During this project we learned the just how important it is to get funding as soon as possible. Finding funding early is powerful because it removes a twofold problem. Firstly, the time and energy spent searching for funding is time and energy that could have been dedicated towards designing the payload, testing vital components, performing research, or any of the myriad of other activities that must be done to ensure for a fully functioning payload. Secondly, as I will later discuss, testing is of great important to a project such as RockSat. However it is impossible to test components if you cannot buy proper components because of the lack of funds. This semester we experienced a minor funding bottleneck wherein we were promised funding by the president’s office, however, the office never gave us the actual funding until several months later. Leaving us in a sort of quagmire, where we had theoretical funding, but could not use any of it. This meant that time that could have been spent elsewhere had to be redirected to trying to find funding that may or may not be needed.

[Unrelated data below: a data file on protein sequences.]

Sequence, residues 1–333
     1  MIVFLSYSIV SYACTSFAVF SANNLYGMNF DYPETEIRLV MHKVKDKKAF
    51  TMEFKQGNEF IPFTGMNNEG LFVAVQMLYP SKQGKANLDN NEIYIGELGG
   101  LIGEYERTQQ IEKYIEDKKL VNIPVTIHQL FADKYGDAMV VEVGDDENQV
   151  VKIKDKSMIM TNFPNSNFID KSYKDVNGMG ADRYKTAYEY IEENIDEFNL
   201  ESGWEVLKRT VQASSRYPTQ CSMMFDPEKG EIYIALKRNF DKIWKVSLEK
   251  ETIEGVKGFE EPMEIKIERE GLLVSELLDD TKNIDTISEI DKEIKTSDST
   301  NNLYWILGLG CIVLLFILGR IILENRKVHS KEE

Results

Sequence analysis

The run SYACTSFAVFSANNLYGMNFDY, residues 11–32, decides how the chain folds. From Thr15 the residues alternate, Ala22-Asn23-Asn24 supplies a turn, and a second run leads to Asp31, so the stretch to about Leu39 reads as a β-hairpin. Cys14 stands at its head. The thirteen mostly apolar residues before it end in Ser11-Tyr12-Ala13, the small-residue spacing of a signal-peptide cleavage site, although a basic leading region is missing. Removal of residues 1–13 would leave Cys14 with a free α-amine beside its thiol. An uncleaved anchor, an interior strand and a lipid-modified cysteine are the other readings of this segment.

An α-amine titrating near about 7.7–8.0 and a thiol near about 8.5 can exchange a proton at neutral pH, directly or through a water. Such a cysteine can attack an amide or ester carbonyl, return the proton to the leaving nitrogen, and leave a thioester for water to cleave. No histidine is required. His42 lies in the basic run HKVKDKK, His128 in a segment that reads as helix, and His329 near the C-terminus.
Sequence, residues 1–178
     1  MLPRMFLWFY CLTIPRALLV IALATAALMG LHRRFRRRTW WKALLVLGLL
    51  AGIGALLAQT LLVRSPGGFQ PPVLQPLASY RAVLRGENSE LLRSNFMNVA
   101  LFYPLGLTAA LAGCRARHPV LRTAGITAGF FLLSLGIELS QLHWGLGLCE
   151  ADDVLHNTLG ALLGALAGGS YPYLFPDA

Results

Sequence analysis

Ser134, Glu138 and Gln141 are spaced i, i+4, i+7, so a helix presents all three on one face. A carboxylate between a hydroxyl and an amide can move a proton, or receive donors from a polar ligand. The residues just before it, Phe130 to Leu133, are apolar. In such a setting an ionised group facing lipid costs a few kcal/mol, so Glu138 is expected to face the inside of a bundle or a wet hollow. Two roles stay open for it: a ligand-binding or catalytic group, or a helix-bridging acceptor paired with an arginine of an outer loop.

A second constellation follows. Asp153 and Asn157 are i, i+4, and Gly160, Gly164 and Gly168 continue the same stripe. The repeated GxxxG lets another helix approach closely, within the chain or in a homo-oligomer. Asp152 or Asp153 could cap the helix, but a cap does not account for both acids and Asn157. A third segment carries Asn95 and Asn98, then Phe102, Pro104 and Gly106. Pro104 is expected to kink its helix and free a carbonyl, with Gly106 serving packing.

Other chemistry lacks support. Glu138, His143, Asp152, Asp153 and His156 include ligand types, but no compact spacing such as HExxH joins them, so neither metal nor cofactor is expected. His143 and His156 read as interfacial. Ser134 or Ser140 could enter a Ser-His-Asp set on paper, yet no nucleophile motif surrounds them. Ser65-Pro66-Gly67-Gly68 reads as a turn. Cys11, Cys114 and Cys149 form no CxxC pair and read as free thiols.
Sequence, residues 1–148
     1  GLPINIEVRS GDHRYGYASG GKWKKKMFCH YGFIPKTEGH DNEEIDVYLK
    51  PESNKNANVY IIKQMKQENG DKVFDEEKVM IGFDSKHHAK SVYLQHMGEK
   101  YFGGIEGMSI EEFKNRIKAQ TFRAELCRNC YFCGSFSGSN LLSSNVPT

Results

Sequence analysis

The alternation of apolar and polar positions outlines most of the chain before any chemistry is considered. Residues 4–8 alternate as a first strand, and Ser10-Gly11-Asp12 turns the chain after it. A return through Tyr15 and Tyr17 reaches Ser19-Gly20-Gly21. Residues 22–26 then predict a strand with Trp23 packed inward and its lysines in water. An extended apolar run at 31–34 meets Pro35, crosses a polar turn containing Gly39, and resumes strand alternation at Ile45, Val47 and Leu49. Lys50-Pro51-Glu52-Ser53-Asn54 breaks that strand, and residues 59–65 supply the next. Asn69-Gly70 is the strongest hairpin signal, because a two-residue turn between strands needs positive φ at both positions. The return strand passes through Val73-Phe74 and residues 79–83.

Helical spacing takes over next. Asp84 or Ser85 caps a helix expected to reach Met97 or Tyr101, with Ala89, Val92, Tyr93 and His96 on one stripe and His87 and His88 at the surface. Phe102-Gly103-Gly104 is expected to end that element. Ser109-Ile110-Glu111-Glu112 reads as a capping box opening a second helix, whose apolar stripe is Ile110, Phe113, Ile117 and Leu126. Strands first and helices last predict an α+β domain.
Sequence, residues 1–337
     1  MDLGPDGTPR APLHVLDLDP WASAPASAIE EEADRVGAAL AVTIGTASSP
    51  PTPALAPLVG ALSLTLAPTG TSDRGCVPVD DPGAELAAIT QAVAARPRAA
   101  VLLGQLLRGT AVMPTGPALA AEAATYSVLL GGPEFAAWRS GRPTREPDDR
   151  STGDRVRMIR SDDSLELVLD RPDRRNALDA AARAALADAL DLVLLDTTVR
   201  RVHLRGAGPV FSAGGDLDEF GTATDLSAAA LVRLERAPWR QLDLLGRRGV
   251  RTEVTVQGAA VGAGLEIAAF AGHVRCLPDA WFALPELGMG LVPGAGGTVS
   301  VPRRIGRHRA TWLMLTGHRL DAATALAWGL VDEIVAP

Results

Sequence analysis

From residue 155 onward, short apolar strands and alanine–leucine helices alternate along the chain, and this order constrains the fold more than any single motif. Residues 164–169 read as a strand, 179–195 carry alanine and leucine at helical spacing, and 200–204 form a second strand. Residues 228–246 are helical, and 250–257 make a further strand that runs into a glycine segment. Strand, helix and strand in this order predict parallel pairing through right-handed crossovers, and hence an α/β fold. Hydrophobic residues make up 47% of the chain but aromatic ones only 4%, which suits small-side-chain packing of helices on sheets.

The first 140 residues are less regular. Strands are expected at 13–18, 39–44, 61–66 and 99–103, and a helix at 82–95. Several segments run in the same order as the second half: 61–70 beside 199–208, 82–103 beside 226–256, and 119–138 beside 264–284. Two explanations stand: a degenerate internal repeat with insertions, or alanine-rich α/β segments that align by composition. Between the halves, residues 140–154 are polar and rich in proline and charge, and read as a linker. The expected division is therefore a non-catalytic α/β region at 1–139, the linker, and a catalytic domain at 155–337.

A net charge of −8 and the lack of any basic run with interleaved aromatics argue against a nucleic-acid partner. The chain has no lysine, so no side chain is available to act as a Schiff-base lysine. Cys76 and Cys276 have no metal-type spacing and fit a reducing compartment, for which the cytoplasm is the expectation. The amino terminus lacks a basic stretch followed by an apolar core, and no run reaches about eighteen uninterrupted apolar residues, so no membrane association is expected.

As was mentioned earlier is of great importance to ensure that not only can the payload survive the stresses of launch but also that the payload will function as intended. Calibration of instruments is of vital importance to any project that intends to use any kind of sensor to collect data. Additionally, it is a good idea to test the limits and capabilities of a team's components. It is important to test early and regularly. Testing is one of the best ways to find problems that would have otherwise gone unnoticed. Regular testing allows for the early detection of these problems that would have otherwise piled up unnoticed. Testing early also allows wiggle room, preventing rushing that could lead to even more problems. Calibration testing for the spectroscopy subsystem required a good deal of time, however, due to the fact that testing was started with time left to spare, there were no issues. Finally, research. Research is critical throughout a scientific project. Cutting edge research is released every day; this research provides a good starting point at the beginning of a project. However, the potential of research is not limited to the early stages of a project. New research may offer insight into problems with which student researchers are struggling. New releases on one’s topic also offers a list of experts in the topic of research, some of whom may be open to answer questions and offer insights on the subject of research. For example, at one point, the radiation subsystem had questions about the usage of Kevlar as a radiation shield. The team was able to get into contact with someone who had previously worked with the material who helped them make the decision not to work with Kevlar. Networking within the world of academia offers many such opportunities, all that is needed is the willingness to go out and find them.